Stalin knew little of war but controlled everything. He didn't understand the importance of balance in his forces. To him the tank was the miracle weapon that would defeat all enemys. The complexities of command and control were beyond him. Attacks in 1942 failed because battalions of tanks would run out of fuel and the crews would walk home or be captured.
The Red Army only started becoming competent as they learned that they needed a balanced force that they could control and support logistically. That was where all the thousands of all wheel drive trucks from the United States came in. The Red Army had fearsome weapons but had totally overlooked (under Stalin's orders) the fact that they could not be supported in combat. The battle at Korsun-Shevchenkovsky in early 1944 saw the Red Army defeat the Germans with major credit going to the Russian forces mobility thanks to all wheel drive trucks which they had and the Germans did not. A large number of German forces did finally escape capture after losing all equipment thanks to the Red Army's shortage of infantry and the armored forces reluctance to close with German foot solders without infantry support.
So the question in the modern circumstances is 'Are these fighters really the best use of resources for a fighting force in the current situation?' How do they fit into the 'balance' of forces we need? Are we needing more 'trucks' or more 'tanks'?
The Typhoon has stood up very well to the Raptor in tests and, as said, encompasses different roles that the F22 is not suitable for. But, as usual, Lewis being Lewis can only drool after the American stuff like some kid - he still uses the "jumpjet" tag after all...
"Good guys: A $Bn fighter aircraft capable of evading any other $Bn fighter aircraft
Bad guys: A road side bomb that kills the pilot"
Exactly. You simply CANNOT compare the F-22 and the Typhoon at all. The F-22 is a 5th gen air superiority fighter, designed exclusively to combat enemy planes. It's best effort is a set of JDAM-equipped Mk83 (1000lb) bombs internally, which reduces how much anti-air power it can carry.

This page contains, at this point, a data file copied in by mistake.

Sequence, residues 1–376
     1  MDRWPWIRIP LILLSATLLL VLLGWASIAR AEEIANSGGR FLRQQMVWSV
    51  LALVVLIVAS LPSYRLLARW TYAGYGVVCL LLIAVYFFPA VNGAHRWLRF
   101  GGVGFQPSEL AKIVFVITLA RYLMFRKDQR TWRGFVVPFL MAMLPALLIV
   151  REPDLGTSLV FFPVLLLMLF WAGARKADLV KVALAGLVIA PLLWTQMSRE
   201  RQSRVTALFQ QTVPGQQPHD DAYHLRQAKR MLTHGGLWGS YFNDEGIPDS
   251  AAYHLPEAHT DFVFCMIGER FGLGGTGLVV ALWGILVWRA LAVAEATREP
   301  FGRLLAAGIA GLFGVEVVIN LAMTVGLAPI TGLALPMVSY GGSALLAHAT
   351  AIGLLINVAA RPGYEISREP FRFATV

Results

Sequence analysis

If you want to compare a US-made fighter to the Typhoon, compare the F-35. It IS a multi-role fighter, capable of carrying more firepower (internally AND externally) and capable of taking on many different targets. Hell, it can carry Mavericks and JSOWs, something that the F-22 can't. It has superior stealth and flight tech.
If you want a better aircraft to compare to the Typhoon in terms of tech and cost, look at the F/A-18 Hornet (or better yet, Superhornet).
Interesting potential scenario. The French use to do the same with Mirage against anything-American. F-35 is a lower-cost, potentially export-able platform to compare to Typhoon. The F22 is just a bigger plane with radically more long-range capability.
F22 would never be used in Europe. It might survive a few more fights with MiGs & EFs, but nowhere near enough to justify its costs. It is more geared to long-range power projection in hard-to-get-to locations. F18 and F35 are more geared to the European theater.
I understand the A10 and Air Calvary aficionados. It is realistic to expect that ground-oriented technology actually settles war scenarios. The issue is that we end up looking for a very small number of very high-value targets (OBL, etc.). Fast power projection and (now) robotic AG platforms suit those special-needs better.
It'd sort of expected something a less distinct, sort of blurry. Note that while these pictures were taken at close range *relative* to its likely operating height ( 40Kft?) it's should be well *below* supersonic so skin friction (IIRC one of the reasons neither the F117 or B2 are supersonic) should not be heating the whole airframe.
Note the Warsal Pact seemed to have a greater fondness for IR sensors than NATO. Given what it costs I hope it does have an IR suppression system. Pilots flying into an enemy equipped with IR might find themselves with a *very* nasty surprise, just before they eject.
Certainly the best looking airliner in history :)
Its a pity that it was so loud (it wasn't the sonic boom that got it banned from crossing U.S. airspace, but the landing noise that prevented it from landing at all but select U.S. airports).